On Wednesday the 6 September 1883 the assistant medical officer at the Highgate Infirmary on Dartmouth Park Hill ordered that Eli Sparksman be discharged. The 20 year-old gardener had no home to go to however, and seemed reluctant to leave. The assistant MO ordered one of the porters to find him and escort him off the premises but this seemingly simple instruction resulted in a court case at Highgate Police court.
Highgate Infirmary had opened in 1870 and quickly established itself; none other than Florence Nightingale described it as ‘the finest metropolitan hospital’. Until 1893 it was part of the Central London Sick Asylum district, thereafter reverting to the St Pancras Poor Law Union. It served the poor of north London and in 1930 became the Highgate Hospital. In 1948 it was incorporated into the Whittington (where I was born) as its Highgate wing, close to the cemetery at Highgate.
Sparksman had reacted badly to be told to change his clothes and leave the institution, and refused, demanding instead to be seen by Dr McCann the head of the hospital. Acting on the instructiosn he’d been given Walter Bowen went looking for Eli Sparksman, and the porter eventually found the young patient wandering in the infirmary’s garden.
He tried to lead Sparksman back inside the building but as they were climbing the steps up from the garden Eli became ‘very violent’, and threw himself to the ground. As Bowen tried to drag him to his feet the patient attacked him, biting his hand ‘in a very savage manner’.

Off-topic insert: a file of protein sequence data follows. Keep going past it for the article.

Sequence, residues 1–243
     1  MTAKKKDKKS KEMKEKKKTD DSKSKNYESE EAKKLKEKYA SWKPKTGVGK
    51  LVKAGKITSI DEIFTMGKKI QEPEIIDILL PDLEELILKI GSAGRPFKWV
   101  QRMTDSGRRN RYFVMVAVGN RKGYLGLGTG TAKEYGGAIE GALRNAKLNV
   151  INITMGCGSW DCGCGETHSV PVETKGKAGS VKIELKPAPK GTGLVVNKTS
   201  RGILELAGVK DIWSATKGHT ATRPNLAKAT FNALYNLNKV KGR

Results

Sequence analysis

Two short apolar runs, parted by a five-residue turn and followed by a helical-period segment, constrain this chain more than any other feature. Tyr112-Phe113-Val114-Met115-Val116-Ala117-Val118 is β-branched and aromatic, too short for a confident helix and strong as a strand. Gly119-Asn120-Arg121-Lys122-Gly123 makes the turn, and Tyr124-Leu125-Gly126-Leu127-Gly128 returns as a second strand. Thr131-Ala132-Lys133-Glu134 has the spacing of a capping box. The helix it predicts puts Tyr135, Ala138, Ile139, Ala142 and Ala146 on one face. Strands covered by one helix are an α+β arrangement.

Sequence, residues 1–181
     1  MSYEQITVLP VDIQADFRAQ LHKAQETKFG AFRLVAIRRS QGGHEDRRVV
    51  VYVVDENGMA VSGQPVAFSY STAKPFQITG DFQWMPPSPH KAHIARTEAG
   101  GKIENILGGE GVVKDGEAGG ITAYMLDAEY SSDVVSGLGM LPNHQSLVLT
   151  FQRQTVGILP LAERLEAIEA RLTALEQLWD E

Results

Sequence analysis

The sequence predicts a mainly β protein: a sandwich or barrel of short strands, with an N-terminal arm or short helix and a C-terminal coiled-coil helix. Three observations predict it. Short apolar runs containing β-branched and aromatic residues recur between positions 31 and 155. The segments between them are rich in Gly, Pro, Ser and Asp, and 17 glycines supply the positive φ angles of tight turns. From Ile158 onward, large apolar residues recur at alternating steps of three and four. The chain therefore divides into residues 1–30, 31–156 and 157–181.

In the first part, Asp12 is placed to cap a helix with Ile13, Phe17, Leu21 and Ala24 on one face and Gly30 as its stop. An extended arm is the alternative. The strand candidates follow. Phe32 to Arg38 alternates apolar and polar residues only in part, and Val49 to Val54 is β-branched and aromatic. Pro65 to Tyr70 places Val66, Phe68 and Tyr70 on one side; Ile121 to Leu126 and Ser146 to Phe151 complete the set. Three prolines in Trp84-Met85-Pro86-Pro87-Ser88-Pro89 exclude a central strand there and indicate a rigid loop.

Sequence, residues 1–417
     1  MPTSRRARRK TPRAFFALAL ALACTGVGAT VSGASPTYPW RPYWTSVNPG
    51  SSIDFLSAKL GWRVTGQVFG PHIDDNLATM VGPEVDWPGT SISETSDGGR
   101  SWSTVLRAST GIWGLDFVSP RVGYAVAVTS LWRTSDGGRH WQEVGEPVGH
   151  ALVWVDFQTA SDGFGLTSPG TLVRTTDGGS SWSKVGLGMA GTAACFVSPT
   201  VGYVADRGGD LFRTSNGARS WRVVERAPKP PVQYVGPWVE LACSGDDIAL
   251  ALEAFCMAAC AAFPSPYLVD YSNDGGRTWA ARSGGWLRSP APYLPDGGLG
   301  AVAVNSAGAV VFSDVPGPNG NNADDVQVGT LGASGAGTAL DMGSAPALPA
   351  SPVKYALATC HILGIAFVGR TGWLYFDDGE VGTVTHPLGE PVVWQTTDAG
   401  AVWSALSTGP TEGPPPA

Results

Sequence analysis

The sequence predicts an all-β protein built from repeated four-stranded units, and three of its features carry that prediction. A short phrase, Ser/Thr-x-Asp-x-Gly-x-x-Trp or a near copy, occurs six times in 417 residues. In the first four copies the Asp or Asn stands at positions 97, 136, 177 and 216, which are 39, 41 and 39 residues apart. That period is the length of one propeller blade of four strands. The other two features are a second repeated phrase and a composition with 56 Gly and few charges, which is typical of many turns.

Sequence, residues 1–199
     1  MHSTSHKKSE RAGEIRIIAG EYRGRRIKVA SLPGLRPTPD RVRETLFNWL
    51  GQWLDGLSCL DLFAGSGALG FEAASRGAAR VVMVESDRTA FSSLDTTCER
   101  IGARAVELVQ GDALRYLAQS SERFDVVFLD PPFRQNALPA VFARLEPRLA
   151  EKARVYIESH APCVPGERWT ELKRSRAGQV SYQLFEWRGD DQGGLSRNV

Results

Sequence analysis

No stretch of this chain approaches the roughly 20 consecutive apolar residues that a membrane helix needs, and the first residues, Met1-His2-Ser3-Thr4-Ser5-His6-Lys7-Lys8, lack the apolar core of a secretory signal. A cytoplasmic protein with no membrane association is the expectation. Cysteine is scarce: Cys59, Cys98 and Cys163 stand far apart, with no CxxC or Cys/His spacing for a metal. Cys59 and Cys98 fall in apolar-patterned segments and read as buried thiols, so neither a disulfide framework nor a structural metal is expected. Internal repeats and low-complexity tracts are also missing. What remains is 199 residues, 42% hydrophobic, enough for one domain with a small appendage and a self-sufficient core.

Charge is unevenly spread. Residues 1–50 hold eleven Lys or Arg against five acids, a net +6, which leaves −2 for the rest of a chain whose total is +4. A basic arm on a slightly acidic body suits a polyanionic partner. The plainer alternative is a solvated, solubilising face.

Despite his injury the porter got his charge back inside to the ward where Sparksman threatened to ‘knock his head off with a stone’ if he got him outside again. Hospital staff today continue to be attacked and abused by patients, some of them drunk and disorderly others, like Eli I suspect, suffering from a form of mental illness. In this instance the police were called and PC Deeks arrived to take the man into custody. The policeman later testified that Sparksman was both violent and verbally abusive towards him as he took him back to Kentish Town nick.
The case came up before the magistrates at Highgate where no account seems to be taken of Eli’s mental health. The police knew him as ‘a very bad boy’ (which given that he was 20 and not 12 suggests again that this was a person who today would be diagnosed with a learning difficulty or mental illness and not treated as a criminal). The bench had no truck with violence towards medical or police officials and sent Eli to prison for a month at hard labour.
[from The Morning Post , Tuesday, September 11, 1883]